As you would expect, the American Federation of Teachers’ Chicago local and other traditionalists are none too pleased by Chicago Public Schools’ decision to formally shut down 49 of its underutilized schools. Karen Lewis, the notoriously bellicose head of the AFT local, the Chicago Teachers Union, declared in a press released earlier this afternoon that the decision has led to a ” day of mourning for the children of Chicago” and promises to follow up on her threat to recruit someone to run against Mayor Rahm Emanuel when he comes up for re-election two years from now. Others such as national AFT President Randi Weingarten and MSNBC commentator Jeff Johnson have embraced the Chicago AFT’s talking point that the Second City district’s school shutdowns will lead to more children being murdered and endangered because some will have to go through more-dangerous neighborhoods in the city just to attend new schools. Meanwhile traditionalists in the Second City continue to grasp upon an analysis by public radio outlet WBEZ-FM that shows that black children account for 88 percent of the schools that were targeted back in March for closure (despite making up two-fifths of enrollment) to declare that the district is essentially engaged in racial bigotry. The Chicago AFT, in particular, attempted to argue this in two federal lawsuits it is financing aimed at stopping the district from closing the schools. [For some inexplicable reason, a hearing on both suits will be held in July.]
Of course, Lewis, Weingarten and others fail to mention a few things. The first? That keeping schools open in itself won’t do anything immediately to address crime and violence outside its doors. The two decade long overhaul of the district undertaken by Mayor Rahm Emanuel and predecessor Richard M. Daley is slowly working to address the dropout crisis that is a long-term culprit in spurring crime in the city; schools can also play a role in economic renewal. But it cannot immediately address problems that are largely due to the Second City’s failures to embrace the Broken Windows approach to fighting crime that has made even New York City a much-safer place to live — a failing for which Emanuel should be held accountable (and one his predecessor never did as much as he could have to address) — and the gang activity fueled by the nation’s longstanding (and failed) prohibition on narcotics and marijuana. [Let’s also keep in mind that even with Emanuel and Daley fils not embracing more-aggressive crime-fighting tactics, the Second City is far less violent than it was two decades ago; the number of reported homicides declined by 53 percent between 1999 and 2010, according to Dropout Nation‘s analysis of U.S. Bureau of Justice Statistics data.]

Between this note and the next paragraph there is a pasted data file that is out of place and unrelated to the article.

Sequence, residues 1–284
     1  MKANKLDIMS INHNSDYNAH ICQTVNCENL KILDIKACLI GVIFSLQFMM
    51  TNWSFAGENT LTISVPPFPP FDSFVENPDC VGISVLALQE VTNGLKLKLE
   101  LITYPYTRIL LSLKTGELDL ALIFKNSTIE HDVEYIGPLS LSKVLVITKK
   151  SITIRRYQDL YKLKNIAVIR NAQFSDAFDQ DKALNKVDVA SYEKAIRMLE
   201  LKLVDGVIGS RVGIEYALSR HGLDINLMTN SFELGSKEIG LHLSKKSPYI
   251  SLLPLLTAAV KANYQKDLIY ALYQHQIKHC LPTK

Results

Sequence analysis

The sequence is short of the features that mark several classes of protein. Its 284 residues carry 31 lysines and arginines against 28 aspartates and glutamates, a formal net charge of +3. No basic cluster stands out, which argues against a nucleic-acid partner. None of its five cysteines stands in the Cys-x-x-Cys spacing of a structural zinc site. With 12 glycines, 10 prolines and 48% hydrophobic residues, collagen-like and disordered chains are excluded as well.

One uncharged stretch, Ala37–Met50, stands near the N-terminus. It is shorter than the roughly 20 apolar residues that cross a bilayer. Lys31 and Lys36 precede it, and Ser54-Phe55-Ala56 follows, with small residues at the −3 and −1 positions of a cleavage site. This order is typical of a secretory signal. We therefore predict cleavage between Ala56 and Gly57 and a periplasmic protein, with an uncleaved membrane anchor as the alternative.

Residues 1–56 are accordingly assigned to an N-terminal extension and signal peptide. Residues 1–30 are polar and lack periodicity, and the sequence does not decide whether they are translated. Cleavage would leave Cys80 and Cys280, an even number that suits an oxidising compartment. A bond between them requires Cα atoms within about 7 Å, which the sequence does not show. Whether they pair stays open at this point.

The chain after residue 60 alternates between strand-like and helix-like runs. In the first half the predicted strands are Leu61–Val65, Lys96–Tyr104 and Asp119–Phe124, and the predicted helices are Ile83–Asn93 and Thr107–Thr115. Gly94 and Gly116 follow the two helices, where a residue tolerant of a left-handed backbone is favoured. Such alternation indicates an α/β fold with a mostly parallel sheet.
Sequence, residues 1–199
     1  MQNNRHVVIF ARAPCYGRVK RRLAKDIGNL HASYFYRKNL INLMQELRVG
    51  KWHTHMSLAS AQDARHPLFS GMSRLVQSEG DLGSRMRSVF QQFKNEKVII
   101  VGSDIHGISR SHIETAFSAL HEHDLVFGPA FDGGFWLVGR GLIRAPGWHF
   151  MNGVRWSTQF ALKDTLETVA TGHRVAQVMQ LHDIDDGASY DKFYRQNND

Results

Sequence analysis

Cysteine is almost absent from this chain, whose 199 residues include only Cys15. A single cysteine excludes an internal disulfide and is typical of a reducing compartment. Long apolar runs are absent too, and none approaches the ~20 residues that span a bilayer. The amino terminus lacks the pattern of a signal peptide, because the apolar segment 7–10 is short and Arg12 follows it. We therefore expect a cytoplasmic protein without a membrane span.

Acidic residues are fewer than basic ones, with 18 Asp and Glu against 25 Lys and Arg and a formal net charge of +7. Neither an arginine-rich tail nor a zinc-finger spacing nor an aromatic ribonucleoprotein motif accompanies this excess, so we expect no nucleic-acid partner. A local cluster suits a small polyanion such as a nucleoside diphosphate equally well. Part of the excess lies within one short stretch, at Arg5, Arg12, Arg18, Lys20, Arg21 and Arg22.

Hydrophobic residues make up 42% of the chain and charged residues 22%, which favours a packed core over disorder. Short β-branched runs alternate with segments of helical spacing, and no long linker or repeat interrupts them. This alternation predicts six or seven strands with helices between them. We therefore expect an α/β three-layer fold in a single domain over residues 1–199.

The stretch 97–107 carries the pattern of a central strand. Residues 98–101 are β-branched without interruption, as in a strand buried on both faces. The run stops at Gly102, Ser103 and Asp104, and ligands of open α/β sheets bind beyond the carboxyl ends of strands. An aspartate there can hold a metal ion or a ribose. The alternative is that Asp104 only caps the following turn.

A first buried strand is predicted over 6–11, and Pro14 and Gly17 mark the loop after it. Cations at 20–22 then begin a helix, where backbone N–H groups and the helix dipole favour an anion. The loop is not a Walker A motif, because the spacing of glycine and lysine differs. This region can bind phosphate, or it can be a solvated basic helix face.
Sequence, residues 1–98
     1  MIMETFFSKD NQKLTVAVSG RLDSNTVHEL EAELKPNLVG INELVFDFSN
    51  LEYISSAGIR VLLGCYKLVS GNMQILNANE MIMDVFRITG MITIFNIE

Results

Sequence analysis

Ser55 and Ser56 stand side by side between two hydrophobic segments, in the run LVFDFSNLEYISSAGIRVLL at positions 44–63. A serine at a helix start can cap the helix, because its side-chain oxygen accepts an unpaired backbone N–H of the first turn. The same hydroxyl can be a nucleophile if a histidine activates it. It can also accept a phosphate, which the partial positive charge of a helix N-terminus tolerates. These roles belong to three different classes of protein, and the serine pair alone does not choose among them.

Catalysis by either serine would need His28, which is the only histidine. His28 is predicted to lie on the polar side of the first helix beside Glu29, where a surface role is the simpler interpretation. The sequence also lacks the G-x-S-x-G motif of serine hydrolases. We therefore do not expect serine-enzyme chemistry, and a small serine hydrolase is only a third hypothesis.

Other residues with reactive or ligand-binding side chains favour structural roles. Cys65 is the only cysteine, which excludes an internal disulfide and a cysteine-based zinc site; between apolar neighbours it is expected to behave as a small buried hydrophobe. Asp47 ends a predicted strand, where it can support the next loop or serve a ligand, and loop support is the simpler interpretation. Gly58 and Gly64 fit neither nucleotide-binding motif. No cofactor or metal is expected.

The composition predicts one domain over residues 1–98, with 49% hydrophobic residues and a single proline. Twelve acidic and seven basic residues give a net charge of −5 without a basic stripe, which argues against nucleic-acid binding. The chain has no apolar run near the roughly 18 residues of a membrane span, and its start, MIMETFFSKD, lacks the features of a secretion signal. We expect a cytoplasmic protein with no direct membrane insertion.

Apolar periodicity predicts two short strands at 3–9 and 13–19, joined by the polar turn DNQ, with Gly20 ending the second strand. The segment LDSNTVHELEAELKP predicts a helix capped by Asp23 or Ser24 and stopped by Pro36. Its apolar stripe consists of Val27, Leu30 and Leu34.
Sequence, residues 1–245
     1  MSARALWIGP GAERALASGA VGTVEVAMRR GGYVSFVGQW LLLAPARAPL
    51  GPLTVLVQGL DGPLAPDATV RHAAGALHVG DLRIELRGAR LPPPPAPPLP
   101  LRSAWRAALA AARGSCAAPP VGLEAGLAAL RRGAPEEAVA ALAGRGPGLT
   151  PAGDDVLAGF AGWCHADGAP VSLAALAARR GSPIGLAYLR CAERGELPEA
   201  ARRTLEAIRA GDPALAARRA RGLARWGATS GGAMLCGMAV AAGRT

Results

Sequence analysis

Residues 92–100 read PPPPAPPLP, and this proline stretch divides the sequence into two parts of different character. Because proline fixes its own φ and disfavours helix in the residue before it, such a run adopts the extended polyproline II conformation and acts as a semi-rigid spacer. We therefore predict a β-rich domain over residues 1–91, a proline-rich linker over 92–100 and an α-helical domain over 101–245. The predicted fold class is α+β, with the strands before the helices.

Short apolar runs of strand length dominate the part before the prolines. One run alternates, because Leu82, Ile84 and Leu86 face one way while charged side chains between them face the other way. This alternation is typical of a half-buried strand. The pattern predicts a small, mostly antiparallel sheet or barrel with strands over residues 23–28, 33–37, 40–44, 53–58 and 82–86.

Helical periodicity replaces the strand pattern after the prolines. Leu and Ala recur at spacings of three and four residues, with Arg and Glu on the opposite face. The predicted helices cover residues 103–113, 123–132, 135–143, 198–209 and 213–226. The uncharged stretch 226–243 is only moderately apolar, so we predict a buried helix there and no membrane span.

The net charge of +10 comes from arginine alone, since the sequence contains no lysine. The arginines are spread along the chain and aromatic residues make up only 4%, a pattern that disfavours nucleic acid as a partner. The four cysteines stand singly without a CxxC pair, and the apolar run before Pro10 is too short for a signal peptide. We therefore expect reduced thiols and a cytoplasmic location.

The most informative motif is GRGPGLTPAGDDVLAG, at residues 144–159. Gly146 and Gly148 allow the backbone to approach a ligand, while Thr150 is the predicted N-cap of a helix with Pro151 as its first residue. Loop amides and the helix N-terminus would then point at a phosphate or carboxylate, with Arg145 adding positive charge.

Meanwhile the argument that children attending soon-to-be closed may end up attending schools in more-violent areas fails to consider this fact: Some of the schools being closed are in some of Chicago’s most-violent neighborhoods, which means that children who attend school there are already endangered before and after they leave school buildings. Seventy-nine incidents — including battery, assault, and burglary — were reported between May 2012 and May 2013 in the neighborhood home to the soon-to-be shuttered Yale Elementary School on Princeton Avenue and West 70th Street, according to Dropout Nation‘s analysis of crime data provided by the city. Around Attucks Elementary on East 51st and South State Street, there were 37 incidents within the past year — including nine incidents around the school building itself. One would take the arguments of Lewis and others seriously if they were calling upon Emanuel to revamp how the city addresses crime and other quality of life issues — including hiring more police officers to patrol neighborhoods on the South Side of town. But then, such demands from the Chicago AFT would mean that the city would not provide raises to its rank-and-file, which then means less money and influence for the union and its national parent.
As for the matter of race? The inconvenient fact is that black students are the ones most-affected by the shutdowns because they live in neighborhoods that have been contracting for some time. The fact that the district mostly serves black and Latino children, with white children making up just 9 percent of enrollment, doesn’t factor into traditionalist thinking. More importantly, black families — especially those in the middle class — are walking away from Chicago schools. Just 173,173 black children attended Chicago’s schools in 2010-2011, a 26 percent decline over enrollment for black students in 1991-1992, and according to data from the U.S. Department of Education; in fact, that decline — along with a 56 percent increase in the number of Latino kids attending Chicago schools in that same period — means that black children no longer make up the majority of enrollment.